I would like to implement a robust way to handle ecommerce payment for items with limited quantity, like for example exclusive paintings. Payment would ideally be accepted via PayPal and credit cards. Ideally, it would work on a 'first-come-first-serve' basis, and wouldn't just lock items out if you add them to cart like some online fashion stores do.

However, the main problem is that once you redirect the user to the payment solution, you do not have control over the user.

Even if I was to implement some form of locking on items, i.e a user adds it to cart and it is temporarily locked for other users for say 30 minutes - I think this problem would still prevail given the below workflow:

  • User A adds item A with limited quantity (1) to cart. Item is removed from website for 30 minutes
  • User A goes to payment on PayPal.
  • For some reason, UserA does not pay immediately on PayPal but keeps session alive for say 1 hour
  • After 30 minutes, website will restore item A back in stock
  • User B adds to cart
  • User B proceeds to payment
  • User B pays for item
  • User A, with the continuously refreshed session, pays for item as well.

This would result in double-purchase for the same item.

Is it possible to solve this problem 100%? I highly doubt this would happen in real-life, but would like to handle all possible cases.

  • 1
    I would utterly, vociferously, passionately hate any online shop that let me put a rare item into a shopping cart, send me to a payment service and then told me "Gee, sorry, we gave it to someone else instead." I don't think whatever solution you come up with could possibly be worth the negative customer experience it would inevitably cause if it ever got triggered. Jul 11, 2014 at 9:22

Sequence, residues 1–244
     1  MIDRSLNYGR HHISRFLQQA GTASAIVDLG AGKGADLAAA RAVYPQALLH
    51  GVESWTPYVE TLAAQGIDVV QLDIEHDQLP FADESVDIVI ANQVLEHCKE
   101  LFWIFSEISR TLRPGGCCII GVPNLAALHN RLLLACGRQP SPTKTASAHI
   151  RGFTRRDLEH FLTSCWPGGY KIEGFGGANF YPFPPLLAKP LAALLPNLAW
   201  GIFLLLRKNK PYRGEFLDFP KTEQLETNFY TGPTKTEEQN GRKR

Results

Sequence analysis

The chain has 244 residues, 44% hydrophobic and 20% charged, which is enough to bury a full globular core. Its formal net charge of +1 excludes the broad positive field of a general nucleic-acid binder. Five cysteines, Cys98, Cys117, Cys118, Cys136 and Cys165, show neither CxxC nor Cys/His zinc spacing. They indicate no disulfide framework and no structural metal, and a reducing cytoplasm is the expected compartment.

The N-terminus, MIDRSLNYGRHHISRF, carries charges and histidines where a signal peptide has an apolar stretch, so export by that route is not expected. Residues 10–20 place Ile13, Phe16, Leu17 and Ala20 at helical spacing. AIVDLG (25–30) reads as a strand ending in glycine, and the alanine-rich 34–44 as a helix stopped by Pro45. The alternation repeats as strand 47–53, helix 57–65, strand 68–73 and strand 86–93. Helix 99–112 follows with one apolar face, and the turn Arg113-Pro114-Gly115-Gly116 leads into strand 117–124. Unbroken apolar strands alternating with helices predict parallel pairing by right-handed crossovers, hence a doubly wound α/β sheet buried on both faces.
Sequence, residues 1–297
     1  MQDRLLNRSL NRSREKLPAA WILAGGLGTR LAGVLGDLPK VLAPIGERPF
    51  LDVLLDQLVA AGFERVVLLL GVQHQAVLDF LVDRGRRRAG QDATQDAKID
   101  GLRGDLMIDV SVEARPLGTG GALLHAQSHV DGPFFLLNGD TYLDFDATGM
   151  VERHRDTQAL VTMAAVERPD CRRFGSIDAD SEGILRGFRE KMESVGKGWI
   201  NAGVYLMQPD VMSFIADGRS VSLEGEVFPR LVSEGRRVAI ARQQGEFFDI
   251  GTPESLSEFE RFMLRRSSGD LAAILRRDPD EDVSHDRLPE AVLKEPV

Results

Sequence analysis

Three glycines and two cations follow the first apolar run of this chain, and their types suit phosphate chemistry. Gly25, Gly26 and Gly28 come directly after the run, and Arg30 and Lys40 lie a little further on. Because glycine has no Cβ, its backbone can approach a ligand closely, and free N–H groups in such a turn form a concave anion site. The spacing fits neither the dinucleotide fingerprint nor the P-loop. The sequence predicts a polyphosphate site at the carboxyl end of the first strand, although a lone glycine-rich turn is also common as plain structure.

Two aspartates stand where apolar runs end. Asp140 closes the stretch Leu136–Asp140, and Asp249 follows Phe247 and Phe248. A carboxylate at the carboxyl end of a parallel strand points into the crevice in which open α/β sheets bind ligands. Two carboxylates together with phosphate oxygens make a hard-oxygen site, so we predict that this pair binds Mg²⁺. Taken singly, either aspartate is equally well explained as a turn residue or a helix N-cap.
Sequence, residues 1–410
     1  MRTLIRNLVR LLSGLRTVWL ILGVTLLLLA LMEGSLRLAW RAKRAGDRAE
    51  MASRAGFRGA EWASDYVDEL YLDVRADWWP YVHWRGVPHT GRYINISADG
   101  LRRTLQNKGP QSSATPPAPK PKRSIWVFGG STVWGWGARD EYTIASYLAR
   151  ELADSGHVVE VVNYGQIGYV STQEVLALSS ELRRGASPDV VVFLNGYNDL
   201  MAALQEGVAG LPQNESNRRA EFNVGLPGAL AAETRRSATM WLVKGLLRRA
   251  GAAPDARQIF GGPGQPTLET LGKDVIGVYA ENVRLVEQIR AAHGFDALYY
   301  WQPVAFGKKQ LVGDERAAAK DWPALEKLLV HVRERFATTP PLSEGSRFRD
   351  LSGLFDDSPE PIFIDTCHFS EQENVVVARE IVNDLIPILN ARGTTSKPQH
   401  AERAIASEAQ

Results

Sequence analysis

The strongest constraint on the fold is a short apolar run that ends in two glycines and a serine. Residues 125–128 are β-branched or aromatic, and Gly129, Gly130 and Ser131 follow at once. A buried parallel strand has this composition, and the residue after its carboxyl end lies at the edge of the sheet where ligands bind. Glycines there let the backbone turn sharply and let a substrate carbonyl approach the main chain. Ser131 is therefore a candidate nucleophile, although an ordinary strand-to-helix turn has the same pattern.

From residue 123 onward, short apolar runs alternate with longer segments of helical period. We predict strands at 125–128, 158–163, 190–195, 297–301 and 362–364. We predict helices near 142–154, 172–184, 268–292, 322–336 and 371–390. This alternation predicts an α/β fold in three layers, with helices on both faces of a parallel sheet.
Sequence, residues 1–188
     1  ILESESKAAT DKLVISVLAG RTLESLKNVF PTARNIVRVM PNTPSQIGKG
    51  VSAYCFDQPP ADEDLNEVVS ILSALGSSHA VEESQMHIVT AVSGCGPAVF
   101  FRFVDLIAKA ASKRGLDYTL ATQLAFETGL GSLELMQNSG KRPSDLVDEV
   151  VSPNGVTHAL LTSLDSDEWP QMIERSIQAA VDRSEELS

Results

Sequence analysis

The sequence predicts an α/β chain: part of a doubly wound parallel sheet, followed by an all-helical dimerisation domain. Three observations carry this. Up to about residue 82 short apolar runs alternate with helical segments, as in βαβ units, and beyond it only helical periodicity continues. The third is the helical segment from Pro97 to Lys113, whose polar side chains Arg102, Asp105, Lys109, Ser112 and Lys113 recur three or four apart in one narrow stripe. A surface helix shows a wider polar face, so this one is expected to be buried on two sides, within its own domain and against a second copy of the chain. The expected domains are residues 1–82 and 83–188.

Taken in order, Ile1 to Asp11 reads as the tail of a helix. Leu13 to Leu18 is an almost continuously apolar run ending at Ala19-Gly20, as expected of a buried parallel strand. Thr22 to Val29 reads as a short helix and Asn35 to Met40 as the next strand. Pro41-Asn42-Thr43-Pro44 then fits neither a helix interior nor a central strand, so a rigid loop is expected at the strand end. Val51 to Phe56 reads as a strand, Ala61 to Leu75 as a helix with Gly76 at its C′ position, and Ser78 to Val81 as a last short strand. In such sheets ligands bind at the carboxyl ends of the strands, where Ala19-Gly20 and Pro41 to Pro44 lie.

• @KilianFoth Yes, but if I go down that path of "locking" the item if you add it to cart - I still have the problematic workflow mentioned above? Jul 11, 2014 at 11:51

1 Answer 1


Usually payment methods involve a step where your application will have to accept the payment. With PayPal it is after the customer is redirected back to your shop. Other PSPs (Payment Service Providers) will have some kind of notification, which you can accept or decline.

At this point you could fulfill the order or decline the fulfillment and the payment.

When choosing a PSP make sure to study the API docs and see if they provide this extra confirmation step.

It would still be not optimal from a customer experience standpoint. But if this is the business model, you would have to communicate very clearly the reasons why orders might not be accepted.

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    Yes actually PayPal does require you to confirm the payment thinking of it - I've always questioned why this extra step but this would make sense if we go down that logic. I don't think the payment gateway provider offers such an option though I would need to see if that is something which they do. Jul 11, 2014 at 11:52
  • @Karl Cassar Can you post here to let us know. I thought they would surely do that so we can use the queueing part from their confirmation step. At the end of the day, most payment processing companies make 1-3% fee anyway. And the queuing and locking as not really too hard.
    – InformedA
    Jul 11, 2014 at 17:16

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